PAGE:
I agree with everything everyone's said here, and I have something to add, too. Ask them if you can shift that teaching reduction to a later year instead of the first year, if you want to. I could do that at my university (and it's similar in character to Flavia's, so, according to her, then comparable to yours, too) and I used it in my third year when I was editing my book in response to the peer reviews. That turned out to be a better use of my time than it would've been in my first year. Also, in my case, I got a 2-course release, and since I have a 3/2 load, I was able to take it all in one semester, effectively have a one-semester sabbatical (although I still had service obligations). You might ask if that's possible, too.

Such a course-release deal could be a way for them to sweeten things for you at no financial cost to them (if they can't give you more money). Something to think about anyway.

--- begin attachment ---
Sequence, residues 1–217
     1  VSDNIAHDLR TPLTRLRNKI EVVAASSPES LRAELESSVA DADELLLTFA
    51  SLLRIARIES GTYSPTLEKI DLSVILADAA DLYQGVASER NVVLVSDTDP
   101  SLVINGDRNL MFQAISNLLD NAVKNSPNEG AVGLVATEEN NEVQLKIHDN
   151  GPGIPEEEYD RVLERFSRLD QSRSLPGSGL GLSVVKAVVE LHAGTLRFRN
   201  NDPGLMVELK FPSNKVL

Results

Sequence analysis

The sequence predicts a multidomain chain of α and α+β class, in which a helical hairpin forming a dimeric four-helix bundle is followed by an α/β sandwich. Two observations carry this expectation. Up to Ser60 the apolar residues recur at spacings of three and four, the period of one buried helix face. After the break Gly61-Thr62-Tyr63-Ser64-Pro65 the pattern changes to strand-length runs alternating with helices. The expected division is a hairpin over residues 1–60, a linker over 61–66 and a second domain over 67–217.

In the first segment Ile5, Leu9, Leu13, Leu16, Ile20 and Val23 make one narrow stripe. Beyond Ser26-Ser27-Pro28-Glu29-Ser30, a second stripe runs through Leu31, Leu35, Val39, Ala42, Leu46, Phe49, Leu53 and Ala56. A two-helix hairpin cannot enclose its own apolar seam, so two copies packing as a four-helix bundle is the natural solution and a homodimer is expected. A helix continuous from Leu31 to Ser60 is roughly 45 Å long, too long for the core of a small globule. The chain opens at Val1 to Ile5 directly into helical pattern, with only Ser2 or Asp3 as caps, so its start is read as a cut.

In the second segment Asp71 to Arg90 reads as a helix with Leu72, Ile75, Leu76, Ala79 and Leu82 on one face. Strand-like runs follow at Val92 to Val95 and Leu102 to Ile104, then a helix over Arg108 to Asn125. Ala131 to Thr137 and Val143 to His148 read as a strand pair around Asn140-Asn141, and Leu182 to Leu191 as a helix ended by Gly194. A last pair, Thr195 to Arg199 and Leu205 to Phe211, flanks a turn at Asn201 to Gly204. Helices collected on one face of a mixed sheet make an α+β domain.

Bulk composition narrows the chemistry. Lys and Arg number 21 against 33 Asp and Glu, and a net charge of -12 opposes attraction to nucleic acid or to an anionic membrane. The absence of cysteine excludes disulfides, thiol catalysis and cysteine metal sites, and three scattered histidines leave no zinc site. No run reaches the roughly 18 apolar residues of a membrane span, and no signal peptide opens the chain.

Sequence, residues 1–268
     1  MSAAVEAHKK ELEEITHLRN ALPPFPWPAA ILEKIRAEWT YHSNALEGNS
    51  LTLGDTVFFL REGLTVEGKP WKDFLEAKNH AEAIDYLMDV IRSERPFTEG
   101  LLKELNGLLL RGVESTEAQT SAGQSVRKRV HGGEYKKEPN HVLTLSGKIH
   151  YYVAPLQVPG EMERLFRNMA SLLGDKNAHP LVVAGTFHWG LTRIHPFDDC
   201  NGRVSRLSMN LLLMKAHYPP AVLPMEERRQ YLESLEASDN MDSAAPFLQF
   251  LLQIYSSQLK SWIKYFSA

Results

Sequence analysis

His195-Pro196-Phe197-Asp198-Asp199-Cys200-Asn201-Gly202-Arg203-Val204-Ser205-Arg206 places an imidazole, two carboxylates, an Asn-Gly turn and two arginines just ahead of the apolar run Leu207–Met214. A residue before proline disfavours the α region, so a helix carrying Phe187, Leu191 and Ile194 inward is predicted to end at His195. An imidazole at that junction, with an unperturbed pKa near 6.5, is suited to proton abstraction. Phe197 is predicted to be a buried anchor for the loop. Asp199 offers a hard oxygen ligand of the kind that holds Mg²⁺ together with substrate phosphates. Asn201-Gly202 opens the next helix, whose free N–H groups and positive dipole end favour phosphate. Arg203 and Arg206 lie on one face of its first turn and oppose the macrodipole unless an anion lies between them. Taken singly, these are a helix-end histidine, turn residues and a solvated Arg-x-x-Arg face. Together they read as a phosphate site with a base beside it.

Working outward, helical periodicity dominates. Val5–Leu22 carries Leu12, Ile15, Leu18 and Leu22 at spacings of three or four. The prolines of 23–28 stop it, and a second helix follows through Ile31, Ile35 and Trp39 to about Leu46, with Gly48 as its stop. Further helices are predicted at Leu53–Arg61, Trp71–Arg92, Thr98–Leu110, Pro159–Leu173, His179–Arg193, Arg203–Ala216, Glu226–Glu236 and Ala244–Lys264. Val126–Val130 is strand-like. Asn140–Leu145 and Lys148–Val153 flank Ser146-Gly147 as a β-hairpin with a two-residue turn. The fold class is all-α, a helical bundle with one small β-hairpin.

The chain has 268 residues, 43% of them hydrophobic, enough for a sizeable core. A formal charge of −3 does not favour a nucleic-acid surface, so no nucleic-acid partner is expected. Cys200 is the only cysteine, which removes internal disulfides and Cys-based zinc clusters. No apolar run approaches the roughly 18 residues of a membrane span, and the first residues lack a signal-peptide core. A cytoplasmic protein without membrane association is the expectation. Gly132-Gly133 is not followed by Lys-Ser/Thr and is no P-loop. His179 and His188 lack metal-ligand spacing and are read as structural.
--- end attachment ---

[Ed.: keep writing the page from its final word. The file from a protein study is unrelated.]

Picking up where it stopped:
At 11:29 PM, Anonymous What Now? said...

Hooray, congratulations on the job -- that's so fabulously exciting!!

I have no advice on the negotiation front, but I do think Dr. Virago's suggestion is brilliant. In the first year, I think it's almost inevitable that one spends more time and energy on teaching than on research/writing anyway -- and this seems to be true even if one has a reduced teaching load -- so there's something to be said for waiting on the course reduction until one can use it to better effect.

Any possibility that your new school might offer a "trailing" position to the Dutchman?

 
At 3:32 PM, Blogger Another Damned Medievalist said...

Damn, I wish I were Dr. Virago. SMart woman. ANd I got bupkus on negotiation. I was crap at it.